65 million years ago, Moberly Lake was part of the shore of a great inland sea. The Rocky Mountains and Prairies did not exist and the land was inhabited with dinosaurs such as tyrannosaurus, anklyosaurus, triceratops, parasaurolophus, elasmosaurus and pteranodon.
Moberly Lake held a special meaning to the Dane-zaa First Nations people, as it was known to them as “the lake you can depend on.” It meant that the people could always return to Moberly Lake since food sources there were always plentiful and reliable.
To some of the Dane-zaa First Nations, Moberly Lake held another mystery. It was also known as “the lake with a hole through it” or “the lake with no bottom.” There is a legend that is often told of an ancient creature that surfaces from time to time a long, long time ago.
The lake was named for Harry Moberly, chief trader with the Hudson’s Bay Company. He left the Company in 1865 and settled down on the north shore of Moberly Lake until 1868. In 1870, he rejoined the Company to complete a total of 37 years of faithful service.
Moberly Park is covered with a fairly dense stand of white spruce interspersed with trembling aspen and balsam poplar. Large cottonwoods occupy much of the low lying areas. Shrubs common to the park include wild sasparilla, prickly rose, black twinberry, currant, highbush cranberry, twinflower and dwarf red blackberry.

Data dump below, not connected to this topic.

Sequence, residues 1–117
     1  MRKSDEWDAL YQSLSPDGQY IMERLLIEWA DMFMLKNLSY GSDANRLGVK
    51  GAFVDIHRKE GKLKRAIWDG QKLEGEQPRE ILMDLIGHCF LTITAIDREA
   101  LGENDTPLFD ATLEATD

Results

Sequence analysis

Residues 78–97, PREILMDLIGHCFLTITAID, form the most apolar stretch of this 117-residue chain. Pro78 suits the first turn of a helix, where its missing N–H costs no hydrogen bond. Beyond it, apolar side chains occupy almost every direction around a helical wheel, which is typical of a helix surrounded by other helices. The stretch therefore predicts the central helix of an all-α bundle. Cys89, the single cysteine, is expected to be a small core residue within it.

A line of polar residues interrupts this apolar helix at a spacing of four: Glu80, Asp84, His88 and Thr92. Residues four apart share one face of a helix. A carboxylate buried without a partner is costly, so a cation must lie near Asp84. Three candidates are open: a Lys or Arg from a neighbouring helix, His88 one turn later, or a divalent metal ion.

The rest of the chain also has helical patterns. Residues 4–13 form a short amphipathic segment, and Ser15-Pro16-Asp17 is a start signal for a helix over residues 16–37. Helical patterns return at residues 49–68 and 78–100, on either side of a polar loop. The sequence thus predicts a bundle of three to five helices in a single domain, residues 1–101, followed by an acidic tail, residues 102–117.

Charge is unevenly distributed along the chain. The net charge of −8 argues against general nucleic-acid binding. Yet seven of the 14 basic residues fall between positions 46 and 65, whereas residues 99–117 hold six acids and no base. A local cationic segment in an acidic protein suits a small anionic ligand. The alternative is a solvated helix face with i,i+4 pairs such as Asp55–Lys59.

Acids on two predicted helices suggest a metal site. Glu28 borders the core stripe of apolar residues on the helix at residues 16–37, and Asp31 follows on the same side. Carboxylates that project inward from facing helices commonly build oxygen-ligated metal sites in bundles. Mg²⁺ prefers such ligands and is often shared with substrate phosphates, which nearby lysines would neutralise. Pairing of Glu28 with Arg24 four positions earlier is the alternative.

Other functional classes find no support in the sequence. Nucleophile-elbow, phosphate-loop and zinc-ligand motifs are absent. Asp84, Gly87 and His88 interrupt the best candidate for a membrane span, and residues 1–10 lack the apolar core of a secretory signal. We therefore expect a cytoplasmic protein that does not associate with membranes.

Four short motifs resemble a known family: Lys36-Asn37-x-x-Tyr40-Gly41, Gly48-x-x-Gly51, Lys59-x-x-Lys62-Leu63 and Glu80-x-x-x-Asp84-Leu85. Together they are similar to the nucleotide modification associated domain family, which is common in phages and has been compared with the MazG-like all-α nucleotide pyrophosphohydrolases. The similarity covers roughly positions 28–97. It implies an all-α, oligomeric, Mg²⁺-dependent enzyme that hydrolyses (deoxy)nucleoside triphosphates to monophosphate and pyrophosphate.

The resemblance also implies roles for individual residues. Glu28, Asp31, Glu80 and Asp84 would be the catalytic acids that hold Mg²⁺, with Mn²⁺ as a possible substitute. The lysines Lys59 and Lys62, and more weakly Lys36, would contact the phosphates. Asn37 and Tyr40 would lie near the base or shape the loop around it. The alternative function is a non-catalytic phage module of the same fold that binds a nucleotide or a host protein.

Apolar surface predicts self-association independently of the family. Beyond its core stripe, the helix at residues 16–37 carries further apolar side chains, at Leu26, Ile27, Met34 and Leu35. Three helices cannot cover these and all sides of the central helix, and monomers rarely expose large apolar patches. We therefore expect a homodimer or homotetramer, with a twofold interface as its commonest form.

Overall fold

Moose and black bear are the only large animals that frequent the park. Smaller mammals like the red squirrel, snowshoe hare, muskrat and beaver are more likely to be seen. More than 25 species of birds including the common loon, bald eagle, American kestrel, spotted sandpiper, herring gull and belted kingfisher have been recorded in the park.
Moberly Lake and the Peace River district are very special areas for songbirds. The black-capped chickadee, Tennessee warbler, red-eyed vireo, red-winged blackbird, Wilson’s warbler, white crowned sparrow, purple finch, dark-eyed junco, American robin, Swainson’s thrush, yellow warbler and American redstart are just some songbirds can often be seen flitting among the willow and red-oiser dogwood that grown along the shores of the lake.
Moberly Lake is a productive lake for Northern pike, Arctic grayling, lake whitefish, lake and mountain whitefish, longnose sucker and white sucker. Please comply with all fishing regulations to help protect some of B.C.’s unique species.